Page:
Friday, February 22, 2013

Off and Running

Vershinin and Masha share a private moment.
We're right in the middle of the run. Tonight marks the first performance after several dark nights. I can say, in all honesty, the cast deserved a break and (based on last night's energetic pick-up rehearsal) they are eager to return to the stage and will bring to closing weekend a rediscovered love of this intricately written depiction of family life.

I enjoyed watching the opening weekend of performances . . . it felt good to finally sit back and view the show as an audience member rather than as a director. It's difficult to completely remove myself from that role, of course, but it does help that I'm no longer scribbling notes in the dark, looking for things to "fix." Handing the show off completely to a crackerjack stage manager, run-crew, and dedicated group of actors is everything I could ask for. It's the golden, yet bittersweet, moment directors work for. There's that point where I have to step back completely and say, "They don't need me anymore." (Fly little birds, fly! - I often joke to myself.) Bittersweet - always.

Tuzenbach expresses his undying devotion to Irina.
I believe that any play worth watching is a culmination of little moments between characters, the discoveries that they make through dialogue and interaction. That seems to be ever amplified within the context of a Chekhov play. There are no heroes or villains in this world. There isn't even a definable protagonist. Instead, we are dropped in to glimpse upon a family for a few minutes over a period of several years. The audience only gets those few precious isolated moments to understand the Prozorovs and their friends.

While Chekhov suggests how the story develops between the scenes we see, we never actually do know how Masha and Kulygin interact when they are alone together, what Tuzenbach is like when he is not attempting to woo Irina, or even what Vershinin's unhappy wife is truly like. In true realism fashion, we are presented with an impression and then given the burden of responsibility to accept that human beings and relationships are far more complicated that anything we can see in two hours upon a stage. This is part of the brilliance of Three Sisters. We witness the changes in the characters and are left to assume how they got there. It's like attempting to piece together the full account of someone's life based solely upon a few random Facebook posts.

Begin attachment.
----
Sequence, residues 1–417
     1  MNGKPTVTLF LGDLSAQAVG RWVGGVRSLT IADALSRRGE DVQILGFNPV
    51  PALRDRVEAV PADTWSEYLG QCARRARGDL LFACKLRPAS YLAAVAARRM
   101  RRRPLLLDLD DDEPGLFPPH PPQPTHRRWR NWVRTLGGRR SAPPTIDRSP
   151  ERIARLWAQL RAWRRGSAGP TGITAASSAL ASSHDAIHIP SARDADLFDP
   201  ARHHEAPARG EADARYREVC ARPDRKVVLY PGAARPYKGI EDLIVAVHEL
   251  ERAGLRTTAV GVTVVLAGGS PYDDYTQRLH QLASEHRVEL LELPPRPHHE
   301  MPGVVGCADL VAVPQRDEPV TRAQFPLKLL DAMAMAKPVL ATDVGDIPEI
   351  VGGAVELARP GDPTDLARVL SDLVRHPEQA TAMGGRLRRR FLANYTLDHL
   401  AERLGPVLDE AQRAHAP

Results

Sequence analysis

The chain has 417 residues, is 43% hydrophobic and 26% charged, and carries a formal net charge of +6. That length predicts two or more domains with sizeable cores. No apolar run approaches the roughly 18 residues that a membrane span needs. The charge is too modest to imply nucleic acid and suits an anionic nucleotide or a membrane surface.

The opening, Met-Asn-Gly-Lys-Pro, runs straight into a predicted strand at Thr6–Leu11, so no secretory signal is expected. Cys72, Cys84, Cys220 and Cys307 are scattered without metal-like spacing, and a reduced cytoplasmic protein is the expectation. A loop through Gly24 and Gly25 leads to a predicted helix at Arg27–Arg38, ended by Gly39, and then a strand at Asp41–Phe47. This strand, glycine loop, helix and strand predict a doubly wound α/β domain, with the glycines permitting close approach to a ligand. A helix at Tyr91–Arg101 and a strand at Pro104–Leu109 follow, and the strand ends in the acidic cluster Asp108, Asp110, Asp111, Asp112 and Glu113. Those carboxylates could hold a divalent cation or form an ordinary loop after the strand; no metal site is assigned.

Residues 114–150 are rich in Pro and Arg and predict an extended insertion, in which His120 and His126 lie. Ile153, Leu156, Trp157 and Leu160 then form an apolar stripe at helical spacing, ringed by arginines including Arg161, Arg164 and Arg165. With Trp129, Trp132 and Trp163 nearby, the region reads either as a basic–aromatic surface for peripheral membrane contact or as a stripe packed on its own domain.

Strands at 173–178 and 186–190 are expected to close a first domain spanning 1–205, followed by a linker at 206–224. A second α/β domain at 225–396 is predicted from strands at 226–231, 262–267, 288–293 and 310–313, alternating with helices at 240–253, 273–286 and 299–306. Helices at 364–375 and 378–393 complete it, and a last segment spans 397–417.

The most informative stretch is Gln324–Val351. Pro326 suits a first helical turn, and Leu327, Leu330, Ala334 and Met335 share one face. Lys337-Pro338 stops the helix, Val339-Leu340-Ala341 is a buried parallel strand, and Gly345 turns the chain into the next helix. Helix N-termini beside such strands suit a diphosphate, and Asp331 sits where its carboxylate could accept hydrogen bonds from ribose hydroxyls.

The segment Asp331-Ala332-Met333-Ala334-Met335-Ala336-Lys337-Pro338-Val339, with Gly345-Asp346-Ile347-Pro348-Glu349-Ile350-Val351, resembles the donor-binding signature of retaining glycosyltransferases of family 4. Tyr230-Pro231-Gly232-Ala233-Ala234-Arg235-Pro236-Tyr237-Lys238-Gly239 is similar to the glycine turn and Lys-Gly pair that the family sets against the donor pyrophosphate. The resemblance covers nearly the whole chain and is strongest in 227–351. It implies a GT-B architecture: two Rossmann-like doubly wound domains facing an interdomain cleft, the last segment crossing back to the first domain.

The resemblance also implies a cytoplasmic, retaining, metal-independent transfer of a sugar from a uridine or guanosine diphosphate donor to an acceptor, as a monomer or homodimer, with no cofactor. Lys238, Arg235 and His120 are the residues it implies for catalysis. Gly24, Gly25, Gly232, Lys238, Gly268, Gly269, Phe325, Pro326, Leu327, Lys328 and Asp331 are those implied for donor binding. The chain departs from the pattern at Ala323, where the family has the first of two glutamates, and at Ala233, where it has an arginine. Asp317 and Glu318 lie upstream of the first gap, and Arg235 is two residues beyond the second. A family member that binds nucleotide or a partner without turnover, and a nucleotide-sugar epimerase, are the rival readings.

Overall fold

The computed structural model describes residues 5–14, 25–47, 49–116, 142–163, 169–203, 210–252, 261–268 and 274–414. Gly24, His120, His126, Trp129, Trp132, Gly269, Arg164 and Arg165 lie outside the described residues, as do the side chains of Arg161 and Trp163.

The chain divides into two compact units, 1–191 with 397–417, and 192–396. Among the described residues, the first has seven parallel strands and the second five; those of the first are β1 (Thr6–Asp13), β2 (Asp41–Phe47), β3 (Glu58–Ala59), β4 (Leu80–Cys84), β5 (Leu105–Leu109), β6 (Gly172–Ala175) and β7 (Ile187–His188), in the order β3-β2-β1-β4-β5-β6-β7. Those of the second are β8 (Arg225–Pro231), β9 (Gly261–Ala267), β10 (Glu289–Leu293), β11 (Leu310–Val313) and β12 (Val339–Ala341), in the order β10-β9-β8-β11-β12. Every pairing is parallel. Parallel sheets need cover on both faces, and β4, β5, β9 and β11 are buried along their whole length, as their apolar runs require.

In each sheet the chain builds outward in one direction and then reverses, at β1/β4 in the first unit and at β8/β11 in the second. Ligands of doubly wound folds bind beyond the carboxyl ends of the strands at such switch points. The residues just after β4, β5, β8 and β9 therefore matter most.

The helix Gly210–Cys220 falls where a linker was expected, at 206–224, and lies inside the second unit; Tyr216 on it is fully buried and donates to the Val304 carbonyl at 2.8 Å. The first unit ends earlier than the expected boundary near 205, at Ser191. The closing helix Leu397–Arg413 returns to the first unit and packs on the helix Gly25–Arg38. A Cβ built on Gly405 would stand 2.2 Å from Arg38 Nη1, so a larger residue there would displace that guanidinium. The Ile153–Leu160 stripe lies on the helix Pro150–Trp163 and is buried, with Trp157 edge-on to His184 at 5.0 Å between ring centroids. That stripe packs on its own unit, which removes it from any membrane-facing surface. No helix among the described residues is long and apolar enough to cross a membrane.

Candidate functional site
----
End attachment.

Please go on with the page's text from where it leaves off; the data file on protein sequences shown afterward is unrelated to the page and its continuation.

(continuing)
"If only we knew. If only we knew."
There are moments in this play where the audience will love each character and moments where they will hate them. These people are selfish, petty, and sometimes cruel. And yet they possess an immense capacity for love, humor, and hope. They're just like us. Are there lessons to be learned from the Prozorovs? I don't know if I would say that, but I do believe that there is something in this play that will resonate with everyone whether it is in Anfisa's fear of being left alone, Andrei's sense of failure, Masha's self-imposed unhappiness, Vershinin's narcissism, or any one of the many, many moments that put together this poignant picture of life.

One of my favorite acting teachers once said, "We go to the theatre to watch people go on journeys that we are too afraid to go on ourselves." I have certainly enjoyed this journey as I have gotten to know the Prozorovs for nearly a year now. I hope that in this second weekend of performances their journey will resonate with the audiences who have yet to see it.

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